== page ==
1
$\begingroup$

I'm creating ice material, and it works fine, but only in viewport or with background (i.e. disabled Transparent in render). Here is my Nodes with result in the viewport:

In viewport

But it isn't drawn in render:

In render

However, if I skip last Add Shader and use one of Mix Shader, it somehow works:

Render 1

Render 2

Also, as I said, it works fine if I disable Transparent in Film section of Render tab:

Render with back

But I need transparent background! With all the nodes working. In addition, I figured out that the problem is due to mixing 2 Transparent shaders, they somehow affect not only colours, but the following nodes. But I believe if it works fine in the viewport, it is possible to solve for the render. How can I achieve it?

Additional info:

  • I have an HDRi environment.

  • I use orthographic projection.

$\endgroup$
1
$\begingroup$

You need to be very careful when using the Add shader as it is not physically accurate and can produce some unexpected results - as you have discovered here. This is actually “expected” behaviour when you understand how the Add and Mix shaders actually operate.

A shader effectively defines how light hitting a surface contributes to the light leaving that surface - some will be absorbed, some will be reflected, some will pass through. This occurs for each of the Red, Green, Blue channels and, also, in the case of ‘transparency’, for Alpha.

The Mix shader takes any teo such shaders and ‘mixes’ them together proportionately. For example 50% of one and 50% of the other, or 30% or one and 70% of the other, etc., but, importantly, always adding up to 100% (an unconnected input socket effectively counts as pure black).

When you use the Add shader the same ‘safeguard’ of only ever having 100% of a shader contributing to a surface no longer applies. This means that you can have more than 100% of any element present in the resultant surface.

In the case of transparent shaders, one could contribute, say, 50% Tranparent and 50% Diffuse at 30% grey - in ‘RGBA’ terms, this would be (0.3, 0.3, 0.3, 0.5) - ie, transparent grey. Mixing between this shader and another would produce consistent results... but, Adding this shader to a sinilar shader would add the corresponding contributions... so this could result in (if the second is also 30% grey to demonstrate) RGBA values of (0.6, 0.6, 0.6, 1.0) - ie, it has now become 100% transparent!! (But only because the shader is infront of a 100% alpha background - ie, the transparent environment).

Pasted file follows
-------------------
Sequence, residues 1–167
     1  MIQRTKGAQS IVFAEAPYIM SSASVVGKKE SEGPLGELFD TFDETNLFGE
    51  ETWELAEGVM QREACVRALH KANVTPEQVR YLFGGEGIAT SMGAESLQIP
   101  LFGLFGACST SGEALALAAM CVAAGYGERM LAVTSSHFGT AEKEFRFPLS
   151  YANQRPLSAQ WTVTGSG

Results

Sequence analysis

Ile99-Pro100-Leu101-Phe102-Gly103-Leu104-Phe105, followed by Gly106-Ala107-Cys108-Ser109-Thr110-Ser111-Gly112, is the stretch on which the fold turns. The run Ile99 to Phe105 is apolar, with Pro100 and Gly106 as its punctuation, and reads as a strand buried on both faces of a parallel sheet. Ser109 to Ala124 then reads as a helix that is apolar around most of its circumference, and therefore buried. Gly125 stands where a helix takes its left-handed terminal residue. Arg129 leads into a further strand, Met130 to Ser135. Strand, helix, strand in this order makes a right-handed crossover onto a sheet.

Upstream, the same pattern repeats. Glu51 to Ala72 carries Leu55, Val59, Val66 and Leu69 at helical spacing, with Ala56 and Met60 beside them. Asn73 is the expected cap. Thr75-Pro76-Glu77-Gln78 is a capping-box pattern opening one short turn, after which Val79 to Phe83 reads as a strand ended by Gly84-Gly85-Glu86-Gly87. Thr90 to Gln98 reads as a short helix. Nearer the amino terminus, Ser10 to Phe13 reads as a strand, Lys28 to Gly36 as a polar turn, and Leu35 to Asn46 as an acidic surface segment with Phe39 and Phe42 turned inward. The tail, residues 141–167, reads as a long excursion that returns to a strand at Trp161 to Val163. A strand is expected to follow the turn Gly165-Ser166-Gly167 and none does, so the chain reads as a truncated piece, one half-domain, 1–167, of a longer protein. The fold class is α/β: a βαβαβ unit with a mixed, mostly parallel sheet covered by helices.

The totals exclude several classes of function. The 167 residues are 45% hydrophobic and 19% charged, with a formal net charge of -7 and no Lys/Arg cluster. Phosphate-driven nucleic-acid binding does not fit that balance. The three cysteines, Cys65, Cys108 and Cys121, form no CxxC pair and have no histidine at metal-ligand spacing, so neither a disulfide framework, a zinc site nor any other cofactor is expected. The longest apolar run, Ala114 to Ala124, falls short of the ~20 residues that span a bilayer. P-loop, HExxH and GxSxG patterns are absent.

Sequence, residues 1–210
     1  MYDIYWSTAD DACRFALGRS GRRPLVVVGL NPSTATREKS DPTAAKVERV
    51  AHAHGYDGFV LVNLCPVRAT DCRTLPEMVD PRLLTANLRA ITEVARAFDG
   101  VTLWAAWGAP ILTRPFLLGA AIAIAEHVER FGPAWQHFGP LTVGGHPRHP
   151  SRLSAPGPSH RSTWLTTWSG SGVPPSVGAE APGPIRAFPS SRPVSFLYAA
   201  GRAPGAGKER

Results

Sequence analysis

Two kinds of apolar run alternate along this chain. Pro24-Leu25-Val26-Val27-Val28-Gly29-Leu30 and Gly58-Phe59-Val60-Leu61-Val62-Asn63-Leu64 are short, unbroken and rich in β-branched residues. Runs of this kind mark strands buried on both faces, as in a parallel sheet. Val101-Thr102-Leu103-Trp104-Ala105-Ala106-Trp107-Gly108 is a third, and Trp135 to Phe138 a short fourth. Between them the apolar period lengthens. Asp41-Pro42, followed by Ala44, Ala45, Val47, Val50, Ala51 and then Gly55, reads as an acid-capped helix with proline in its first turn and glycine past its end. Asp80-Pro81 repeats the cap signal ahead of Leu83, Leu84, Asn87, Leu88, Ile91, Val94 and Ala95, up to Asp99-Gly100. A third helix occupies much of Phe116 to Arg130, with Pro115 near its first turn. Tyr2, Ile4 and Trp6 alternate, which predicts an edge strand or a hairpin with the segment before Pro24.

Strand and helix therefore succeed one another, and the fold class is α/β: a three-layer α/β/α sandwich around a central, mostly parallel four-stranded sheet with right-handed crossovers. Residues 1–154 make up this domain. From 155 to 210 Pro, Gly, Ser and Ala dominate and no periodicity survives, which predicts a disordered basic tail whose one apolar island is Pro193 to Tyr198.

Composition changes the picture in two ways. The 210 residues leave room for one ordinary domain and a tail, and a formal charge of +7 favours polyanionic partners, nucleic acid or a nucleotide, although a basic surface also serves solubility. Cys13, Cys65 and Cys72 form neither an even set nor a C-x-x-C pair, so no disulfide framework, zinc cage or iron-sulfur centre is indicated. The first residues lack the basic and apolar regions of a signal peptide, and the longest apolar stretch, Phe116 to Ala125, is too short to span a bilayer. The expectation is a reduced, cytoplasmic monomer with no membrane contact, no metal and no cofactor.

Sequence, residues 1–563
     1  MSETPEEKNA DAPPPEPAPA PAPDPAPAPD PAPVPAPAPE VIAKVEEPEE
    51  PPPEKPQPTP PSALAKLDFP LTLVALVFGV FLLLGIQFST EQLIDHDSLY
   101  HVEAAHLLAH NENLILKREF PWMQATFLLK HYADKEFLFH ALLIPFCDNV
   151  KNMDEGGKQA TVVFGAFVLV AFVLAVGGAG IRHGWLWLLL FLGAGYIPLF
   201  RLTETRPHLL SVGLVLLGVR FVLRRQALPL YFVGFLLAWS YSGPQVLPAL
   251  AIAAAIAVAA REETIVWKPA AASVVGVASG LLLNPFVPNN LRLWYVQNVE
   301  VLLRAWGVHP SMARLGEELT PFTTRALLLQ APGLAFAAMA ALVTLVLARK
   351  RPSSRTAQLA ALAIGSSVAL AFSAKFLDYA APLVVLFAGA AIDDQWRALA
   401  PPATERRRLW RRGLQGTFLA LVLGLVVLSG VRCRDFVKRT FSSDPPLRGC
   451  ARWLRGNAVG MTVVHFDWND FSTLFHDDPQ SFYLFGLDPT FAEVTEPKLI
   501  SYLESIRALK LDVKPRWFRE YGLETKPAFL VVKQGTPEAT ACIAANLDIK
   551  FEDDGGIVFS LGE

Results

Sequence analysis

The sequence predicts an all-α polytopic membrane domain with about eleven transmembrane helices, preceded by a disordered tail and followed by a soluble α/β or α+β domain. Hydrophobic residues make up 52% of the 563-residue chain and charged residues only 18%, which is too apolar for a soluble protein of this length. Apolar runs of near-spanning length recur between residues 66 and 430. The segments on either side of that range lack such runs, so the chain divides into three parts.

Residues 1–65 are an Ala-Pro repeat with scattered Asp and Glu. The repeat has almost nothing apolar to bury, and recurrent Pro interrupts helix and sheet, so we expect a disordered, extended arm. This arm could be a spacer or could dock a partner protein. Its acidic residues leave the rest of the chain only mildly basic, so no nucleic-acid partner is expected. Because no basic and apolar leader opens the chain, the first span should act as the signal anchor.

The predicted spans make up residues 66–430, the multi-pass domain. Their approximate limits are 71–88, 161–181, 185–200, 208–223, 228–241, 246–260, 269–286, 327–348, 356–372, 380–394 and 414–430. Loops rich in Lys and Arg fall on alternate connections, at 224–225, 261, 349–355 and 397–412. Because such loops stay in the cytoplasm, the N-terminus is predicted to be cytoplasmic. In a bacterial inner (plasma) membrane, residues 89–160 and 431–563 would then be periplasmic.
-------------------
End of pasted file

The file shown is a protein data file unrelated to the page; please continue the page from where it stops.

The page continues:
Using other values can actually result in values that are greater than 100% and this can produce even stranger results when combined with other shaders.

The upshot of all this is that you should be very careful of using the Add shader unless you have a very good reason - for example, adding an emissive glow or combining Scatter and Absorption shaders. Normally just use a Mix shader.

See also Why adding transparent shaders don't result in transparency?

$\endgroup$
  • $\begingroup$ Thanks a lot for your reply! But I understand how Add and Mix work – I have huge experience of programming OpenGL shaders. And I have already got nice result in the viewport and want to output it. So, I just want to understand and minimize the difference between the viewport and the rendered picture. I even set the same sampling, but it didn’t helped... $\endgroup$ – AivanF. Aug 13 '18 at 19:38
  • $\begingroup$ @AivanF. I see. I suspect your issue is with the limitations of the Viewer itself - see blender.stackexchange.com/a/44148/29586 and blender.stackexchange.com/a/56986/29586 $\endgroup$ – Rich Sedman Aug 13 '18 at 20:14

Your Answer

By clicking “Post Your Answer”, you agree to our terms of service, privacy policy and cookie policy

Not the answer you're looking for? Browse other questions tagged or ask your own question.